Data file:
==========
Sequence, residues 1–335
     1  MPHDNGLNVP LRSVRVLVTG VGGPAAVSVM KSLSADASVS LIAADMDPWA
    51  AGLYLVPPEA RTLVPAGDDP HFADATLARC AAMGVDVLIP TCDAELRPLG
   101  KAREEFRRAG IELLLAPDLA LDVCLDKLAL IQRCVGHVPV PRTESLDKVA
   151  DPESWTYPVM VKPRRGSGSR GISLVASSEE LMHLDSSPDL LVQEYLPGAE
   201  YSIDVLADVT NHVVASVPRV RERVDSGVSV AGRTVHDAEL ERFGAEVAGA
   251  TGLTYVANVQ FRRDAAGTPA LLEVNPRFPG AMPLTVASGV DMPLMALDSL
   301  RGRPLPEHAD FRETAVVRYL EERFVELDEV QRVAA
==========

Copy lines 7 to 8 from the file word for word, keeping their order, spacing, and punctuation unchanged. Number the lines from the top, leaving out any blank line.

   251  TGLTYVANVQ FRRDAAGTPA LLEVNPRFPG AMPLTVASGV DMPLMALDSL
   301  RGRPLPEHAD FRETAVVRYL EERFVELDEV QRVAA